12. To take an analogous case, in a suit to recover money, if questions should arise whether the plaint contained sufficient allegations claiming and justifying a charge, and whether the prayer claiming a charge on certain properties was specific or not, the Trial Court would have to decide those questions by its final judgment and decree, and if the Court should decide the questions in favour of the plaintiff and give him a decree for money charged on the properties mentioned, it would seem that the decision would be binding on a purchaser from the defendant pending suit, though he be not actually a party to the decree. He would not be allowed to show in a subsequent suit that the prior decision was wrong in the absence of fraud or collusion. The case might be different if the plaint was subsequently amended so as to claim a charge on a particular property, after that property had been sold away by the defendant to a stranger.
13. In the case before us, it is not contended (not even suggested) that the proceedings conducted by the judgment-debtor were not conducted bona fide or that there was any fraud or collusion between the judgment-debtor and the decree-holder in connection with the same. On the other hand, it is admitted by one of the present plaintiffs, when examined as a witness in the present suit, that he was really conducting those proceedings on behalf of the judgment-debtor's representative--the widow. After the sale of the suit properties to the plaintiffs on 27th May, 1914, it is difficult to understand why the judgment-debtor should have troubled himself, and why a petition, CM.P. No. 1950 of 1914, should have been filed on 6th October, 1914, to 'cancel the attachment and the sale application made by the decree-holder.' As remarked by the Lower Appellate Court:
It seems difficult to avoid the inference that the plaintiffs having been worsted in their attempt to get the attachment set aside by proceedings in the name of Venkataramanayya have hit upon the expedient of a claim petition and the suit to achieve the same object.
14. It was further argued that the attachment made in March, 1914, should be taken to have been completed only on 23rd March, 1914, when copies of the proclamation were affixed in the Court-house and in the Collector's Office in accordance with the provisions of Order 21, Rule 54, Civil Procedure Code, and as the stay order was perused by the District Munsif on 17th March, 1914, the subsequent acts done on 23rd March, 1914, should be taken to be ultra vires, and that there was no complete and valid attachment in the eye of the law; and the decision of the Full Bench in S'innappan v. Arunachalam Pillai I.L.R. (1917) 41 M. 151 : 33 M.L.J. 515 was relied on. Assuming the argument to be correct, that does not take away the binding nature of the decision passed by this Court on 18th December, 1917, that the attachment was valid and restoring the attachment.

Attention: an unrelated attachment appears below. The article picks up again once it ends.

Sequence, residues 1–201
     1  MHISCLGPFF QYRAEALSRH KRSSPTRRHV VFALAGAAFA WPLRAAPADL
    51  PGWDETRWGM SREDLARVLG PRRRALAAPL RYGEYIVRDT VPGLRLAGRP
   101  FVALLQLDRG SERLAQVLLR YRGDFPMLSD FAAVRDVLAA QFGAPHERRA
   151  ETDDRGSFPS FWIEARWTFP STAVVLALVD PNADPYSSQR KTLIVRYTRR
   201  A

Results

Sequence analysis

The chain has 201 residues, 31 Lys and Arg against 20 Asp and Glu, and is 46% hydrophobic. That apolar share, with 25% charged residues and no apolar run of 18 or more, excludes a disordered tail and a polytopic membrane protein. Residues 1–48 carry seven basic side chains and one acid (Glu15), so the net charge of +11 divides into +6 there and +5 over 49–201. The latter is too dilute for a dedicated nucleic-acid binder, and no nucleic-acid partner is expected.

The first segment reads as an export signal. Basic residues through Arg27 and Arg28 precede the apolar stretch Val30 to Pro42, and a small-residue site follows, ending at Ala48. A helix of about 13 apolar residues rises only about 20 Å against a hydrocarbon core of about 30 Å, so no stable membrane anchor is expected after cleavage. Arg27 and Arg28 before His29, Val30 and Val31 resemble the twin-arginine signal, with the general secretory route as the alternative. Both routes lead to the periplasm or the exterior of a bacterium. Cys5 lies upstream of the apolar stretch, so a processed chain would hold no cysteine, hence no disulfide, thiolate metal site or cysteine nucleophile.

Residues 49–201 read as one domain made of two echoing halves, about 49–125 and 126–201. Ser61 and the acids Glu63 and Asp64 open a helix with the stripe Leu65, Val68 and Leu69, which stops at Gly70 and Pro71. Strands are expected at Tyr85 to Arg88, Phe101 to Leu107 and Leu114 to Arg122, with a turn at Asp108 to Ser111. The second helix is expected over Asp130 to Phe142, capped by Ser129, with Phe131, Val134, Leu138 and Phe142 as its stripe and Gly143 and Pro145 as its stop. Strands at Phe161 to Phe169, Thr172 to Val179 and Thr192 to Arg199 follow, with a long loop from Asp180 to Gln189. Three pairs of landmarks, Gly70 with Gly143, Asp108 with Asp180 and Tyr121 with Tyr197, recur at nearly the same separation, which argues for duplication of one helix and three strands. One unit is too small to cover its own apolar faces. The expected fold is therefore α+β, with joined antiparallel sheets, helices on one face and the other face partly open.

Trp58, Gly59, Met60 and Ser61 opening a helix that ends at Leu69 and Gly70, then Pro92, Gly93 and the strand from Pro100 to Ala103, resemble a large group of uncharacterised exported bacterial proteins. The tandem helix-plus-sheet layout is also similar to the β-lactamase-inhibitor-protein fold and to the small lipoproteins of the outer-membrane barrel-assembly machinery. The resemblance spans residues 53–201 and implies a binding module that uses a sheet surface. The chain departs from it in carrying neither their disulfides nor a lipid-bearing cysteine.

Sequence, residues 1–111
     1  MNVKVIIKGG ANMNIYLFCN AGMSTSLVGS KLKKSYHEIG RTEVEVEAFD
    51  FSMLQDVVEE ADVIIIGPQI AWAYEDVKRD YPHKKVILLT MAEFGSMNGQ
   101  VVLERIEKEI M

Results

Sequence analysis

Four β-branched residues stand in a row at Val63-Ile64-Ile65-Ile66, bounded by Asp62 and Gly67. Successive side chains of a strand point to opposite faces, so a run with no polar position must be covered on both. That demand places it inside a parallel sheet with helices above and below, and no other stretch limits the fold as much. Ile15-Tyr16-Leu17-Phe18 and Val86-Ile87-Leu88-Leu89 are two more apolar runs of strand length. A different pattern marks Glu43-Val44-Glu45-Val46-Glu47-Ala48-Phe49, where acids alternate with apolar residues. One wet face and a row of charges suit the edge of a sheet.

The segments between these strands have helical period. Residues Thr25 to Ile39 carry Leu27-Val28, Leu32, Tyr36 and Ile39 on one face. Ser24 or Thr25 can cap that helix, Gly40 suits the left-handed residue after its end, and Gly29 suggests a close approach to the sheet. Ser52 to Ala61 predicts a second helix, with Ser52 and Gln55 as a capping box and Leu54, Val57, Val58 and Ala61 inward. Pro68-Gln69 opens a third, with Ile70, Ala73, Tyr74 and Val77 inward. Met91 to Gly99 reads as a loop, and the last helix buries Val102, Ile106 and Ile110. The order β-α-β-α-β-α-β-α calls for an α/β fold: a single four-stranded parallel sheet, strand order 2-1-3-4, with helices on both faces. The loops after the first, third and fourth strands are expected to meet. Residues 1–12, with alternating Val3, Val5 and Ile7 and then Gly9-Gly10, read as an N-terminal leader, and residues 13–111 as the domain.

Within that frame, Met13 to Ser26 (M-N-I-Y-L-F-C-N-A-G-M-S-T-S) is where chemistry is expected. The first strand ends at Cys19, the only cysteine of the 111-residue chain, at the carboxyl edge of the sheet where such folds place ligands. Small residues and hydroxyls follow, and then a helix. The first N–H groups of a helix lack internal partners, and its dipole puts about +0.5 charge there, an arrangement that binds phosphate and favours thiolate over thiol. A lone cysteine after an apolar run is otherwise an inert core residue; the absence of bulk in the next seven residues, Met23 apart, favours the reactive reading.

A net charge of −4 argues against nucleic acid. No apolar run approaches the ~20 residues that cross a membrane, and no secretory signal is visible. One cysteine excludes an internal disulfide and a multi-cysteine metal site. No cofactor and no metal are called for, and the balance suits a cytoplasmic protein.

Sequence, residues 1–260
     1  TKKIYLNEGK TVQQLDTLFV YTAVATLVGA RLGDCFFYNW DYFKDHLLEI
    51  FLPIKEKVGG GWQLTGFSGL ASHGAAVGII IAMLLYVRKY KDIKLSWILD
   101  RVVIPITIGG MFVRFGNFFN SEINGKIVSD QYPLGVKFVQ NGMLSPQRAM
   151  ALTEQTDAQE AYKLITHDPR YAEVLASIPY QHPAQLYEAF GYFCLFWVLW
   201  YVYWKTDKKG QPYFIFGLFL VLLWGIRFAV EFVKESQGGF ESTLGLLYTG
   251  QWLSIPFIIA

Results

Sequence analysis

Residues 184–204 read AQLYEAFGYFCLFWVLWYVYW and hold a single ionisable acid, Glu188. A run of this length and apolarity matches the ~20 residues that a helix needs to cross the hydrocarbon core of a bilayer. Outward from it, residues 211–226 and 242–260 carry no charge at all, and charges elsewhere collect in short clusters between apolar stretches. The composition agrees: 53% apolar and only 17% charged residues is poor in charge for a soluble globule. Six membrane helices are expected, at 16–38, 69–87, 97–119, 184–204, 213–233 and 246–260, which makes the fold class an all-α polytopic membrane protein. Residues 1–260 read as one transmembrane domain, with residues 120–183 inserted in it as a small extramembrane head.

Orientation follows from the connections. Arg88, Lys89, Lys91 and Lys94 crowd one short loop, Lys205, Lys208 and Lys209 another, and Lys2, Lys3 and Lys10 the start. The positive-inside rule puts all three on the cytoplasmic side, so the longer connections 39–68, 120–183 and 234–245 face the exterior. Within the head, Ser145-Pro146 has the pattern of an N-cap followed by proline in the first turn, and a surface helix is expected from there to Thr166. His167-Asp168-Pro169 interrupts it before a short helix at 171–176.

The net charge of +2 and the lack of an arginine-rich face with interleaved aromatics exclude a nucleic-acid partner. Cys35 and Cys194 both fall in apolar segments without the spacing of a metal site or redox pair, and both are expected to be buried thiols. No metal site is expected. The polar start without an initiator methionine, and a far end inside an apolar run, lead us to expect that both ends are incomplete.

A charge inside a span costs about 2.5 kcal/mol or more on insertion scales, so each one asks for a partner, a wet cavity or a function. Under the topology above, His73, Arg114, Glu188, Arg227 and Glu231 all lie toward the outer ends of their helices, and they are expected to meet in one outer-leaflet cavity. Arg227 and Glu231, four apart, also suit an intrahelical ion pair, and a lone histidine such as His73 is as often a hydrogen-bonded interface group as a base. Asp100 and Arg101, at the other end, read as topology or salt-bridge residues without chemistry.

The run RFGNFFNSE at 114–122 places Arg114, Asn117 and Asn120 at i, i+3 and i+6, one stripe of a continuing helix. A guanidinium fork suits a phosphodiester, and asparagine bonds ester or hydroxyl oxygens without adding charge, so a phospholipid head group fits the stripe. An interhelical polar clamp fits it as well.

15. Orders passed in the course of execution proceedings adjudicating on the rights of the parties are res judicata and could not be called in question by the parties or their representatives. When once the said orders become final, that effect could not be sought to be avoided by making allegations that the previous decisions were wrong on the merits because full facts were not placed before the Court or that all available evidence was not let in on the former occasion. See Ram Kirpal Shukul v. Mussumat Rup Kuari (1883) L.R. 11 IndAp 37 : I.L.R. 6 A. 269 (P.C.), Mungul Pershad Dichit v. Grija Kant Lahiri and Raja of Ramnad v. Velusami Tevar (1920) L.R. 48 LA. 45 : 40 M.L.J. 197 (P.C.)
16. It therefore seems to us that the present plaintiffs are bound by the orders passed by the High Court restoring attachment.
17. It is a matter for satisfaction that we have been able to reach this result, since there is no doubt that the conduct of the judgment-debtor in getting an interim stay from the Appellate Court (which was finally dismissed as no security was furnished) and then transferring the properties to the plaintiffs who had (there is no doubt) notice of all the proceedings--thus defeating the decree-holder--would surely be reprehensible from the moral point of view.
18. We accordingly hold that the present plaintiffs are bound by the final orders passed in execution proceedings in O.S. No. 38 of 1912 in which it was held by the High Court in effect that there was a valid attachment in March, 1914, of the properties in dispute, and that the said 'attachment should be restored'. The plaintiff's purchase from the judgment-debtor in May, 1914, should be taken to be subject to that attachment. Allowing this Letters Patent Appeal, we restore the decision of the Lower Appellate Court with costs here and in Second Appeal.